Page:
Clarence Page – Hall of Famer

Clarence Page - OU Post 1968I got an email from an Erin Roberts, External Relations Coordinator, Scripps College of Communications, at Ohio University this week. Wow, that’s a mouthful.

Anyway, she wrote, “Andy Alexander let me know that you were a student photographer while he and Clarence Page were both writers with the Post. I am currently working on a short photo montage honoring Clarence, as he will be inducted into the Ohio Communication Hall of Fame on campus later this month. Do you have photos from that time of Clarence that might aid me in the presentation?”

I think I can come up with a few

Mark Roth - Clarence Page - Andy Alexander OU Post Staff 09-26-1968Oh, boy do I ever. Of course, when the Hall of Fame gets wind of student reporter Clarence, they may make a last-minute shuffle in their choice. Maybe I shouldn’t bring up the story about how Clarence got the publisher of The Athens Messenger hauled out of bed in the wee hours of the morning.

Clarence and the F-word

Ohio University Post staffer Clarence Page 09-26-1968Here’s Clarence’s version of what happened:

Kenner Bush, [publisher of The Athens Messenger, which printed The Post] told me the typesetters woke him up in the morning, poised to walk out rather than print my uncensored reporting of the F-word that brought a student into conflict with an 1812 Athens code. OU President Vernon Alden wasn’t happy either, to say the least. As some of you will vividly recall, our generation of Posties was pushed to the brink of expulsion and gazed over the edge before we were yanked back amid a burst of national publicity.

Clarence was born June 2, 1947, in Dayton. After his graduation from Ohio University in 1969, the Army got its mitts on him for a short period of time, then he went to work for The Chicago Tribune. He won a Pulitzer Prize for Commentary in 1989.

Today, a much rounder-faced Clarence shows up on political talk shows trying to bring some light to the heat.

Ohio College Newspaper Association President

Clarence Page - ONPA President 04-15-1968The Post did quite well in Ohio College Newspaper Association competition in 1968. Clarence was elected president of the association.

When Carol Towarnicky and I got together this fall to do a presentation on the birth of the student rights movement at Ohio University, we traded “remember when?” stories. She implied that she and I engaged in some shenanigans that helped get Clarence elected preisdent. She claims that she and I climbed on the roof of the hotel where the conference was being held and hoisted a bed sheet with a Page campaign slogan on it from the building’s flagpole.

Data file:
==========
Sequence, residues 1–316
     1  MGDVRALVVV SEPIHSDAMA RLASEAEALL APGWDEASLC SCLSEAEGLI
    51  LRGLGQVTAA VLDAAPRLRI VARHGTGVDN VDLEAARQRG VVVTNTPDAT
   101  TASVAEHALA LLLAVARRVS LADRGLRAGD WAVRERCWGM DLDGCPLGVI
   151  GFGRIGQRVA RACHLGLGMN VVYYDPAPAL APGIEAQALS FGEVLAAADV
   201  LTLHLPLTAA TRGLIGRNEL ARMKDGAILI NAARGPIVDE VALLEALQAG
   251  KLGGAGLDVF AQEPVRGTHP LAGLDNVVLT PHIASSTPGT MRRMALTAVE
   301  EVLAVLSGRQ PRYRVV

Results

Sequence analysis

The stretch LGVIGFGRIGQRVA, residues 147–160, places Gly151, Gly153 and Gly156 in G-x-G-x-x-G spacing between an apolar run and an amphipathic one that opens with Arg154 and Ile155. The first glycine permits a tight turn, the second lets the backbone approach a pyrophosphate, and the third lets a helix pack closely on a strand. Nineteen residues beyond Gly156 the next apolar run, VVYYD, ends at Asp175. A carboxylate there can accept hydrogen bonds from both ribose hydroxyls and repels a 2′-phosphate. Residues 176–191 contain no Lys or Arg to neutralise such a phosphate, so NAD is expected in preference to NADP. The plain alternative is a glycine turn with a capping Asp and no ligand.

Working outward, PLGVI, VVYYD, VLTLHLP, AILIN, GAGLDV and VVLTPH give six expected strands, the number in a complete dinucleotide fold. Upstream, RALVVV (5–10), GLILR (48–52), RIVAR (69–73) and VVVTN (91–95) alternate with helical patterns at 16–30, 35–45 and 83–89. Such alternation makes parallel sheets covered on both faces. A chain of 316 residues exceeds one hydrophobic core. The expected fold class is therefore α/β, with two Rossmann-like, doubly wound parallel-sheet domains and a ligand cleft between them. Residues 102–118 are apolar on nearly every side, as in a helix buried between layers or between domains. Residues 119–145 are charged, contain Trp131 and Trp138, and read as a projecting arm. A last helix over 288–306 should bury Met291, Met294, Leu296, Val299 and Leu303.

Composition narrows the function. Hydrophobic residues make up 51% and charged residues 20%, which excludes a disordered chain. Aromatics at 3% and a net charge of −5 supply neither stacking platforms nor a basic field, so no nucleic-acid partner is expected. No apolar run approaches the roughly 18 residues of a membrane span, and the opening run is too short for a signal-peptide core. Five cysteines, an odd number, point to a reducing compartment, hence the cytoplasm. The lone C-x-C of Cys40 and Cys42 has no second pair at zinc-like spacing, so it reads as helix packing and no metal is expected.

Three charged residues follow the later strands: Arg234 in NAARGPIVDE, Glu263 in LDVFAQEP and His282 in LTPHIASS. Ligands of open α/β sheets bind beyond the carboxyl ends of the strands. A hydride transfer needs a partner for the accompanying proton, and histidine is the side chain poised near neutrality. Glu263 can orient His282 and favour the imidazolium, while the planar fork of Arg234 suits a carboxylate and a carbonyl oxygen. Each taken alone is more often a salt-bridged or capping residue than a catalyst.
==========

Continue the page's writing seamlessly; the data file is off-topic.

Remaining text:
Now, climbing on rooftops and water towers is something I did frequently, but I disavow any knowledge of such tomfoolery, even though I’m sure the statute of limitations has long expired.

Other OU Post stories

Clarence Page photo gallery

This collection is primarily so Erin can get a look at a young Clarence while there may still be time to arrange a more reputable Hall of Famer, one who wasn’t the first to publish the F-word in a newspaper in Athens, Ohio. Click on any image to make it larger, then use your arrow keys to move through the gallery.

Meddling With Medals

KLS pins and medalsNothing like packing for a trip to empty out the sock and underwear drawers. Buried in the back of one of the drawers were two plastic boxes with foam inserts holding a bunch of pins and medals I accumulated while at Central High School (and, maybe SEMO).

 

When we got close to Cape, the weather alert kept going off with Tornado warnings; Lila was pulled over at a rest area north of town because a twister was reported south of her. Mother was headed to the basement. Things calmed down by the we all got home, but I decided not to unload the car tonight. We’ll fill you in later. Here’s a piece I put aside in case I needed a filler.]

The turtle and arrow at the top left signified that I was a Brotherhood member of the Order of the Arrow, the national Scout honor society. The turtle was our lodge symbol. I enjoyed Order of the Arrow much more than regular scouting because we were older boys and did work projects that had lasting value.

Missouri College Newspaper Association (maybe)

The rectangular pin on the left is one I don’t recognize. It has the initials MCNA. I was a member of the OCNA, which stood for Ohio College Newspaper Association, so I’m going to guess this was the Missouri equivalent.

National Forensic League

The next four were from debate club. The blue medal was for being elected Outstanding Representative at the State Student Congress in Jefferson City. The red one was for being Superior Representative. NFL, in my case, did NOT stand for National Football League.

The two pins showing the guy in a robe were for the NFL, too. I think the top one might have been a charm like you might put on a bracelet (no, I didn’t) or necklace. The other was a pin that you wore on your lapel.

Journalism and academics

Top right is a pin for National Honor Society. Some of the class of ’65 got in early in the year. I was in the ones who just barely made it. In fact, I’m pretty sure that it was activity points for stuff like debate and the school publications that counted for more than my grades.

The second pin was for Quill and Scroll, the journalism honor society. It notes that I was a photographer. You’ve move up in rank based on the number of column inches of your work you had published. I was working at The Jackson Pioneer and freelancing for The Missourian, so I had a lot more opportunities to get in print than someone who might do a couple of stories for The Tiger. On top of that, picture column inches counted the same as written column inches, so photographers could wrack up inches faster than writers.